The ending of the game, as one gets absorbed in a strike of light coming out of the peak of the mountain, brings the player back to the origin with a back-tracking animation showing the journey the player had been through. In other words, you just start to play it over again once you finish, but this time you’d most likely to choose a different path. This occurs to me as a design decision for the players to explore more options in the game, which also leads to my only complaint – I hoped there were other mountains maybe with diverse and potentially confusing goals, opportunities, and conflicting successes and failures. These would introduce another layer of education in the game for growing resilience and the growth mindset for the players, where I can’t think of any game that has gone thus far.

Space does(n’t) matter

Screen Shot 2013-12-02 at 10.37.20 AM* Photos from the camping experiment (all photos: http://dschooldormcamp.tumblr.com/)

I recently realized that there is such a thing called sensory map for cities. These maps record the smell, color, noise, and whatever sensory input signals relative to human experience and plot them on a 2-d surface. One particular impressive work is this map [1] that marks the best depth of fields you can find in Edinburgh. In other words, it tells you where you can see the farthest in terms of viewing distance in the city without leaving the ground. The biggest spot on that map would be the Hoover tower if you plot it for Stanford.

Such thought was routed to a group project I’ve been working – to redesign residential experience at Stanford. The team of three debated over new experiences and setups for dorms. We wanted to redefine the way of living on campus and ended up embracing the “nomadic dorm” idea, where students don’t need to live at the same place everyday; instead they can relocate and meet new dorm mates constantly. Unsurprisingly, we picked a livable location that gives the most depth of field we can find on campus, just to stretch out the concept of sensory amplification and see what it all means. That location happens to be Lake Lag in Stanford, and we were excited to see the students’ reactions. The rest of the logistics process pretty much resembled a standard camping + group activity event where we had to rent, pitch, and repackage tents, pads, and sleeping bags to offer a night of staying around the lake for 10 people.

Getting participants for such kind of things given three days of preparation at Stanford wasn’t easy (it’s actually extremely, extremely hard logistically) for us and we only had 6 people shown up. The result was still phenomenal. We did a self reflection session around the center of the lake, where people lay down on the ground, gazing the stars, sharing and talking about stress, happiness, and the their student life.

The extremely spacious dorm setup, the night view of the dried lake, the silence and darkness helped them think, speak, and locate themselves both physically and mentally. We were able to trigger some deep and comfortable conversations around self reflections and life goals. The students felt thankful, magical, calm, and happy.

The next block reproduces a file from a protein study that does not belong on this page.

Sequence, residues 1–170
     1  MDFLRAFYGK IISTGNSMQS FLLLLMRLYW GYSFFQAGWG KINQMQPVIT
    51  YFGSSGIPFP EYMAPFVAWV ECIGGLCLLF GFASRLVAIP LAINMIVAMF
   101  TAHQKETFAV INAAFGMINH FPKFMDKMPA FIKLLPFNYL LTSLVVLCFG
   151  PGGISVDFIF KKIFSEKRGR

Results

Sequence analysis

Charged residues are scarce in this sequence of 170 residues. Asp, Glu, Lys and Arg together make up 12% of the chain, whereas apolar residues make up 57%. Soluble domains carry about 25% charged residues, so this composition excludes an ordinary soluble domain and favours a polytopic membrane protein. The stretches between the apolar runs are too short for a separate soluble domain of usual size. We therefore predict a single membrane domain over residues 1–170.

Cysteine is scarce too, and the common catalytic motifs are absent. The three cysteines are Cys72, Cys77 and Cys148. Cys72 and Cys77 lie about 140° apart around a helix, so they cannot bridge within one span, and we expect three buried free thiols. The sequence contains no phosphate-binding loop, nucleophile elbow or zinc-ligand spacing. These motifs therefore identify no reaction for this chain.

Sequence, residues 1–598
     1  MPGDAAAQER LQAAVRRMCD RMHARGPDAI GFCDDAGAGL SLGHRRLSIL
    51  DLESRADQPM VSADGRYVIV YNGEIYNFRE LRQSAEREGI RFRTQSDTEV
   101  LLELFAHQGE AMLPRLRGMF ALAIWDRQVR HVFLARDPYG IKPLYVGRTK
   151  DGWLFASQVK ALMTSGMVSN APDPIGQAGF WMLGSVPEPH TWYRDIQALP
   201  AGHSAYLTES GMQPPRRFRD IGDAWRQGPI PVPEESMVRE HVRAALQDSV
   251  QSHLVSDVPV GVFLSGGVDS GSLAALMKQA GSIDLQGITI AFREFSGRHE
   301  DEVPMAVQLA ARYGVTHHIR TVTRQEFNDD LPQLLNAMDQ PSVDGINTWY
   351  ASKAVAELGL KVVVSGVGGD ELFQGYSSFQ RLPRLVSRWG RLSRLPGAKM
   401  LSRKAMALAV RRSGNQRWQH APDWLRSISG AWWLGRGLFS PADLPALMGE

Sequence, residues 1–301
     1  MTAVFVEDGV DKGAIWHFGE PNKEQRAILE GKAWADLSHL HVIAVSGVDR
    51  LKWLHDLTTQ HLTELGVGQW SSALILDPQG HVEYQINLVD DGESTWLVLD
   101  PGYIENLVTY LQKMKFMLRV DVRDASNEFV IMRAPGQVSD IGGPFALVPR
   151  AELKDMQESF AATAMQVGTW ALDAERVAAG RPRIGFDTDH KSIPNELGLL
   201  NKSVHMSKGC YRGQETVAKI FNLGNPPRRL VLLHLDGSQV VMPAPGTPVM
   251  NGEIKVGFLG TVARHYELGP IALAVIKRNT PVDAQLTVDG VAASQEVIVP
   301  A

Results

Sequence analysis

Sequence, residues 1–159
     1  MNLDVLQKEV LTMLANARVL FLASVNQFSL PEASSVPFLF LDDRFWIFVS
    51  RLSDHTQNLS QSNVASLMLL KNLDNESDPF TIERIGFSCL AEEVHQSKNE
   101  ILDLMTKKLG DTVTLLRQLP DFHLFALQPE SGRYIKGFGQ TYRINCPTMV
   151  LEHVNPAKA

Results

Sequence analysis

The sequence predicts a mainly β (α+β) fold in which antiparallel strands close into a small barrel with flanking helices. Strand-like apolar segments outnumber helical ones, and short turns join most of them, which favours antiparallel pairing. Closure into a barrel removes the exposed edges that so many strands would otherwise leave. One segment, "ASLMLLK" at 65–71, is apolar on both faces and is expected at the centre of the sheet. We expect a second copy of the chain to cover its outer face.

I’m not sure how our setting is related to depth of field or just space in general yet, but it’s not difficult to see that a small tweak in life’s configurations can temporarily change the perspective of it a little bit. Here the spacial arrangement of “dorms” psychologically affected the students but doesn’t really matter practically.

Special thank to Rick Barber who helped me with all the logistics (moving tents back and forth) and thank d.school for reimbursing all the cost.

[1] http://www.sensorymaps.com/maps_cities/edi_see.html

Rapid frontend prototyping (coding)


Woohoo! This is my first blog post about coding.

I’ve participated lots of hacks and seen teams with various tech stacks. It has been usually the case that the teams I work with executed really well on the front-end coding progress and coding quality.I always receive questions about how to prototype front-end project quickly, how to make large front-end projects maintainable and at the same time provide a basis for fast iteration and development for something bigger later on. Through the years, I’ve developed my own opinionated philosophy for building front-end projects (as of Fall 2013):

0. Use third party modules.

1. Type less and build your own small modules.
I’m a slow typer and using something like Sass [1] , compiled runtime Jade template [2] and Coffeescript [3] has saved my life for typing html, css and Javascript. The saving is quite significant as it not only takes me less time to type, the code also looks much cleaner and easier to read. I use Sass mixins and Jade partials obsessively, and I program code pieces to be as reusable as I can. I religiously decouple design (visual, structure in jade and sass) from code logics (coffeescript). Ideally, I give each UI block its own corresponding Coffeescript class, Jade template, and Sass stylesheet so that designers and other coders on the team can focus on modifying specific components without doing harm. Some of my projects can easily have over 100 modules, each of which only contains a few lines of code. I also write small python/ruby scripts to help me manage these modules (create new, rename, delete, merge modules, etc).